Moody’s downgrades Brazil to Baa3
by Arnaud Masset
After having changed Brazil’s rating outlook from stable to negative last September, Moody’s finally downgraded Brazil’s government bond rating to Baa3 from Baa2 and changed the outlook to stable. The decision was broadly expected and came on the back of disappointing economic performances, missed primary surplus targets and political jitters that leave investors facing a foggy outlook.
According to the latest weekly economic survey released by the Central Bank of Brazil (BCB) on Monday, market consensus growth estimate declined from -1.80% to -1.97% for 2015 and from 0.20% to 0.0% for 2016 as bad news keep piling up. More worryingly, inflation expectations for 2016, which had seemed to have finally anchored throughout July, are on the rise again as economists expect IPCA inflation to reach 5.44% in 2016 versus 5.40% a week ago. Given the political instability, which will likely result in an increase in government’s spending, together with rising inflation expectations, we think that the BCB will have no choice but to increase interest again. USD/BRL closed at 3.4743 in the previous session and is expected to open higher given latest developments.
Japan’s PPI change at its lowest since 2009
by Yann Quelenn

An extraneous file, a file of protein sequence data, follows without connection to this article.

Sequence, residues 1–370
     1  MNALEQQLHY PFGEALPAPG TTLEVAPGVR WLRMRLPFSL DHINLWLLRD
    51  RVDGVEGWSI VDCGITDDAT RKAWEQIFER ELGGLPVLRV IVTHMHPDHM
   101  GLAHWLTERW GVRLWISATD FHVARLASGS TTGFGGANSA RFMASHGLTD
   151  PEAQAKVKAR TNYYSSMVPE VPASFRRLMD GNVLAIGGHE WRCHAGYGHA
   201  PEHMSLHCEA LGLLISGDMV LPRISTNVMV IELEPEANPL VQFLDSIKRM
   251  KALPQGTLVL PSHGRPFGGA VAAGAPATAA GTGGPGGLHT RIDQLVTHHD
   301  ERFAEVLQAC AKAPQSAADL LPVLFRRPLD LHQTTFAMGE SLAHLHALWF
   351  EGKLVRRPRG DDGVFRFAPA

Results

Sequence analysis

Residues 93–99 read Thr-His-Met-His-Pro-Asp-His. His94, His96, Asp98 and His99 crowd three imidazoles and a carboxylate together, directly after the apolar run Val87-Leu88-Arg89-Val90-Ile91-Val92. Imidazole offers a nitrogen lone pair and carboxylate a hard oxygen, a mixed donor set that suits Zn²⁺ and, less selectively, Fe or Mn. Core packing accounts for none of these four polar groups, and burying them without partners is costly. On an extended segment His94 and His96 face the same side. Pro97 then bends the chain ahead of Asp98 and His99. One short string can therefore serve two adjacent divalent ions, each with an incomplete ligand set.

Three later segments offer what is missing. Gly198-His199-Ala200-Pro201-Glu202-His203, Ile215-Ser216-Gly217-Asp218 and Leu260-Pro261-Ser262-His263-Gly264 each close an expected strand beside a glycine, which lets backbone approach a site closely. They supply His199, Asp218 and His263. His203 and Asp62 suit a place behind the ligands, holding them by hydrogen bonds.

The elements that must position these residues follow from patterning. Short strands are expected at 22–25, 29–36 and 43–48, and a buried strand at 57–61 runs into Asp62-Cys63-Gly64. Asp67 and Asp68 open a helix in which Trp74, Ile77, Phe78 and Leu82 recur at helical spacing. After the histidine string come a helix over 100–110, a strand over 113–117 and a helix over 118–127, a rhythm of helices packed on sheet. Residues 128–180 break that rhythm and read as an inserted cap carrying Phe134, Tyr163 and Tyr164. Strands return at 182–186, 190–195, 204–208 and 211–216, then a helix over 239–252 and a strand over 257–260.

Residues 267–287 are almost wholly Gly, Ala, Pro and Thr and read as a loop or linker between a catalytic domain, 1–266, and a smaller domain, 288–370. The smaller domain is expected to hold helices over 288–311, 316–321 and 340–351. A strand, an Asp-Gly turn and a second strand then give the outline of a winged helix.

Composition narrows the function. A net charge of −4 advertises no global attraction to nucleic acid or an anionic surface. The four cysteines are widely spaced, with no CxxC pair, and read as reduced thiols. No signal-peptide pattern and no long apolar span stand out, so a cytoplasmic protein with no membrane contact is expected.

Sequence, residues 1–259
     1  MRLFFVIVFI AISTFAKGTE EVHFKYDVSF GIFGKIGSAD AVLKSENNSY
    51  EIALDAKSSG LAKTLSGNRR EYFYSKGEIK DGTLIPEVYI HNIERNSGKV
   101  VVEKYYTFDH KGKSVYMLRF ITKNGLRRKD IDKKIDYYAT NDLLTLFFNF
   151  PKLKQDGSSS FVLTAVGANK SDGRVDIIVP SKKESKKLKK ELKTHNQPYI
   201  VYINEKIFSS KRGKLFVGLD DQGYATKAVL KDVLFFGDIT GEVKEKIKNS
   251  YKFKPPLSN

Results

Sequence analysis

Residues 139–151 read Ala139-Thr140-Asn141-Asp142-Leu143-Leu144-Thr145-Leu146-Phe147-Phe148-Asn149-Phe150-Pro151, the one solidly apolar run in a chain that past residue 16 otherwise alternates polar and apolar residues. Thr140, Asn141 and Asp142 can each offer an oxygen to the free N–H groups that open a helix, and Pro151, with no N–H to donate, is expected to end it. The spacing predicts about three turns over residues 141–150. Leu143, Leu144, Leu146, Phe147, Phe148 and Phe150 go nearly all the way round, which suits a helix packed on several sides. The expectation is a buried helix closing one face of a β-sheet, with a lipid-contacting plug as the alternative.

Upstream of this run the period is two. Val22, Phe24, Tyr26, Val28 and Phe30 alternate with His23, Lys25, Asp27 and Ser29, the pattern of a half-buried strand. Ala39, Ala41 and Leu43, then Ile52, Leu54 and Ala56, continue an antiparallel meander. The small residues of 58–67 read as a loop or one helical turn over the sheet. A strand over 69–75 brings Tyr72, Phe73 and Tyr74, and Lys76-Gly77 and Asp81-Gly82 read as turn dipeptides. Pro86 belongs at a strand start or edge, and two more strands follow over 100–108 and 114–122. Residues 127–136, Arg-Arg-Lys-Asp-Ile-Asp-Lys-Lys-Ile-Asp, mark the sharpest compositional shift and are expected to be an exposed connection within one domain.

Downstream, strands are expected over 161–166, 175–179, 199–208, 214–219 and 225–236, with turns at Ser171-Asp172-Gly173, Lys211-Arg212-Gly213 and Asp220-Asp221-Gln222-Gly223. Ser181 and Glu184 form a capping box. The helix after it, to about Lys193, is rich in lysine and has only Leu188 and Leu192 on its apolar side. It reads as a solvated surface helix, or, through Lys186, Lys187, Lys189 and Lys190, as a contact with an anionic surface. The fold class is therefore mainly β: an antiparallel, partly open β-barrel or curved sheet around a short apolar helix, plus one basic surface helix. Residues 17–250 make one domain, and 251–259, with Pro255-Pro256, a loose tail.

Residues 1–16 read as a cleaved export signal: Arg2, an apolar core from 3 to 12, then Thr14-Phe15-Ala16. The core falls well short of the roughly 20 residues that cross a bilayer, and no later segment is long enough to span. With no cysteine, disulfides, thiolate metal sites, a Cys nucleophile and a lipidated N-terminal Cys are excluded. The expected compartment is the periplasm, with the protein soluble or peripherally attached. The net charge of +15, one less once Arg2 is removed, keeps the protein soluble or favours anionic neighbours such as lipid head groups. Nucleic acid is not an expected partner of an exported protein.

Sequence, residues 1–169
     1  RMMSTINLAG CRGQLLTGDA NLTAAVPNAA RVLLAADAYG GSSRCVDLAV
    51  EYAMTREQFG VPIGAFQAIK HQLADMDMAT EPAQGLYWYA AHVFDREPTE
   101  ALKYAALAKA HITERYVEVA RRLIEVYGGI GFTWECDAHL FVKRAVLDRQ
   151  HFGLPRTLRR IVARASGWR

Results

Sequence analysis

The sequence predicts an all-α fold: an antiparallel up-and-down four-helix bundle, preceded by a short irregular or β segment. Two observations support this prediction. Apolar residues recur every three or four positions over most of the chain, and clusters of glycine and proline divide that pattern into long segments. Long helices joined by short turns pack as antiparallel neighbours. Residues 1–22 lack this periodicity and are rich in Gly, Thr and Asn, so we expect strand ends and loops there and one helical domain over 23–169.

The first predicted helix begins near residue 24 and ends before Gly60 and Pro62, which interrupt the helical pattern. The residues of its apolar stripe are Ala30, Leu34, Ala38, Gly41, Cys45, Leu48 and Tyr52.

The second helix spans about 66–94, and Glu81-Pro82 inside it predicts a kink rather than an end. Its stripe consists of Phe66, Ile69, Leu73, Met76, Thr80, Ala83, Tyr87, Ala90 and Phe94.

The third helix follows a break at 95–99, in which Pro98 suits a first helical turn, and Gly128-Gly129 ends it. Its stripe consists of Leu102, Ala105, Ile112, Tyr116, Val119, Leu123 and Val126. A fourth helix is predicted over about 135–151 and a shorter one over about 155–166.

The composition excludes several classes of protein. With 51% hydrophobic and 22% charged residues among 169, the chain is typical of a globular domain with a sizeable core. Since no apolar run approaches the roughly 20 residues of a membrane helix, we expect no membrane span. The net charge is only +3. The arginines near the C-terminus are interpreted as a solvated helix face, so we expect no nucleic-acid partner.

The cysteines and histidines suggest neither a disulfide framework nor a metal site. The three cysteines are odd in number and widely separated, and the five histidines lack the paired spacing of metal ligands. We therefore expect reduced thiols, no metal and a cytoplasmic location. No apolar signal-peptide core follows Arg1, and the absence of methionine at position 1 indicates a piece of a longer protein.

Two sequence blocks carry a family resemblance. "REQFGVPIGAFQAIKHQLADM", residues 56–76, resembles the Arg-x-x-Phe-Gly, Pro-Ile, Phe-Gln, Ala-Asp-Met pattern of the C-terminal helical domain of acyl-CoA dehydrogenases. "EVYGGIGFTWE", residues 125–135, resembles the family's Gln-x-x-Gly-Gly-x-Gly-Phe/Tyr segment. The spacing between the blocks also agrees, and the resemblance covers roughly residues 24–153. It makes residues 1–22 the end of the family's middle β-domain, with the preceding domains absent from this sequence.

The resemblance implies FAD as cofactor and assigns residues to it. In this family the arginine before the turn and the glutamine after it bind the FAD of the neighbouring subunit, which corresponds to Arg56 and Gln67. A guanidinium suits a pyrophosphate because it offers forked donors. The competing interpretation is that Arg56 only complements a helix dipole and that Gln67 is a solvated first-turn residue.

Last night, the Japan’s Producer Price Index fell to 3% year-on-year from -2.4% y/y in June, its lowest change since 2009. It also decreases more than the estimates at around -2.9% y/y. Japan’s Abenomics is currently failing to stimulate consumer spending in order to enter into the virtuous circle of growth and inflation. Besides, PPI and CPI usually move together and follow the same trend which shows that Japan’s monetary policy is still not efficient. In addition, the fiscal arrow of the Abenomics had a single effect: reducing consumer spending. Increasing VAT from 5% to 8% - from an original idea of the IMF - had a spectacular impact. The other VAT increase which was initially set to be in 2016 has been postponed in 2017. Therefore, as time goes by, it becomes more and more difficult to see any success in the Abenomics. In particular the country is largely hit the collapse of commodity price. Last Friday, the Bank of Japan governor’s Haruhiko Kuroda stated that he would trigger more stimulus if the weak oil prices persist to hold inflation at a very low level. The yen monetary base will increase again. It currently increases at a pace of yen 80 trillion a year. We remain bullish on the USDJPY which is still trading at its highest level since 2007. We expect the pair to increase again above 125.